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Shame that Heals + Shame that Destroys

Shame that Heals + Shame that Destroys

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By Andrew Comiskey, Mark Foreman, Lucas Cortazio

Eyes of Love By Andrew Comiskey

Shame is conveyed by the eyes, a critical gaze like daggers that can divide sensitive souls. I recall such scrutiny during a summer camp when my peers chided me as I awkwardly mopped the lunchroom floor. (They awaited dismissal as I worked off discipline for being late to the table.) A counselor saw my plight and accompanied me, mop-in-hand, to finish the job. Just looking into his caring eyes sustained me amid the glare of deriding ones.

He became Jesus to me. His face mediated mercy, the antidote to bad shame.  I can only imagine the sinful woman in Luke 7:36-50 who kept her eyes fixed on Jesus as the Pharisee looked at her critically. (If you recall, she crashed the dinner party to thank Jesus.) A scorned woman, her judge kept her down by the way he looked at her. His eyes conveyed bad shame—a gaze fueled by the traditions of men rather than the will of God. She smartly refused to come under him. She did so by the “living water” imparted through Jesus’ gaze.

My sensitive, peer-rejected self soured into same-sex attraction, later “coming out” into all-things-queer in 1970’s Los Angeles. Unhappy with who I was becoming, I ventured out with some “Jesus-people” friends to a large hippie church where the pastor, post-service, looked at me with disgust. (I was a seeker, still evidently a slave to disorder.) I could not return there. He personified a thousand male faces I wanted to avoid. Under that exposure, I buckled, divided within, and wanted to isolate from everyone.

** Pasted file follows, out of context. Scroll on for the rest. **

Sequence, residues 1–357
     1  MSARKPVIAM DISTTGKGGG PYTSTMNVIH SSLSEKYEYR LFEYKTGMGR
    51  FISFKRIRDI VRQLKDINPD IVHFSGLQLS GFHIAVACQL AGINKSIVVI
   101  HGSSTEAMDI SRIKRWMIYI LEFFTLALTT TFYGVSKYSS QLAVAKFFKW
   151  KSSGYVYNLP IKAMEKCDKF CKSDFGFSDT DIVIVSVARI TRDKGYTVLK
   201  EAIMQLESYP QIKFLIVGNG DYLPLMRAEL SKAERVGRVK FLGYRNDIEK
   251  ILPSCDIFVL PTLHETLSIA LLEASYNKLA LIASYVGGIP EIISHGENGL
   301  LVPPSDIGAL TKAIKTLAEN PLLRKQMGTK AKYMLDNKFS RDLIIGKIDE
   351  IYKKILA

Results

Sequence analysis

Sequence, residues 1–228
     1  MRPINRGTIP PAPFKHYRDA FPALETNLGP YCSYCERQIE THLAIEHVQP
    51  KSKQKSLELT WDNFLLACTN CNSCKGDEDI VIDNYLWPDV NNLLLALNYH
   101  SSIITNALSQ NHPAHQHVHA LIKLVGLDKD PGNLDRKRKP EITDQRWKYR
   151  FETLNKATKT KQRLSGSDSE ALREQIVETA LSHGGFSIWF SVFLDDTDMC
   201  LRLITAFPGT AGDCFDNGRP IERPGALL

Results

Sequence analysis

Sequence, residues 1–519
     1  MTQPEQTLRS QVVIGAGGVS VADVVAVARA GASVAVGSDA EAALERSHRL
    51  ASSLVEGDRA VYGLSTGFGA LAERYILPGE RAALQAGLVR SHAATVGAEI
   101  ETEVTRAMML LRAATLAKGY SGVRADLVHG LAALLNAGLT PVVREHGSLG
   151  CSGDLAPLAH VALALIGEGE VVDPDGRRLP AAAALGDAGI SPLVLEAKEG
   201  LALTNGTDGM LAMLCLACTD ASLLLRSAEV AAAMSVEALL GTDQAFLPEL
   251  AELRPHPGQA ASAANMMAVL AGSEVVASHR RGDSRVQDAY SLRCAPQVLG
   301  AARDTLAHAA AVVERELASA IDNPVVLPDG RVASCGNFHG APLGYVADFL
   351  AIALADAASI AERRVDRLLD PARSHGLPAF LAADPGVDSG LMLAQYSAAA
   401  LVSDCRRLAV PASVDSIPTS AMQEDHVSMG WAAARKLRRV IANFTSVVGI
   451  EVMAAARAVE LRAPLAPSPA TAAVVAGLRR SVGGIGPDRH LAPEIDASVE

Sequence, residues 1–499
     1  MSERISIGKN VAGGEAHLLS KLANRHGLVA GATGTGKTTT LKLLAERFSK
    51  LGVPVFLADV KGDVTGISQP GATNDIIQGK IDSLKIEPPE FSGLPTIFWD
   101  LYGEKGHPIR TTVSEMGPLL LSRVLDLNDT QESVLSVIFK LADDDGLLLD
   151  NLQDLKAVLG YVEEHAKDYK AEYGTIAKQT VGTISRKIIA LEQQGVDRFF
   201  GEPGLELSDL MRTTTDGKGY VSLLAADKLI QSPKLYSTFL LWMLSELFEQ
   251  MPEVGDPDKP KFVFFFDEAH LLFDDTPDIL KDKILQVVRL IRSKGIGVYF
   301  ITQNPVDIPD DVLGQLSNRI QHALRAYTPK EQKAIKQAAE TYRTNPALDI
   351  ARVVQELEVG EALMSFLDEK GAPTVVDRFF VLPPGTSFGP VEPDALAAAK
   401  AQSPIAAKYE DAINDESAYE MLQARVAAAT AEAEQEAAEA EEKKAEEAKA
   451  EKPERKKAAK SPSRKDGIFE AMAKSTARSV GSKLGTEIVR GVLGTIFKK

Months later, my brother Joel, now as “born-again” as he had been a bully, reached out to me with authentic concern, the first time he came close to me with kindness. That invited my conversion more powerfully than a sermon. My mom, soon after, and upon hearing my “coming out” story, responded with merciful tears: “I’ve known a lot of ‘gay’ people, Andy; their lives were limited, and I’ve always wanted more for you…Why don’t you look into this Jesus who is helping your brother a lot?” 

Her tears awakened me to something other than familiar “bad” shame. It was good shame. “Out-but-not-quite-proud,” I felt like something was wrong—not just others’ bullying, but something shameful about how I was offering myself to guys. I dehumanized them, and vice-versa.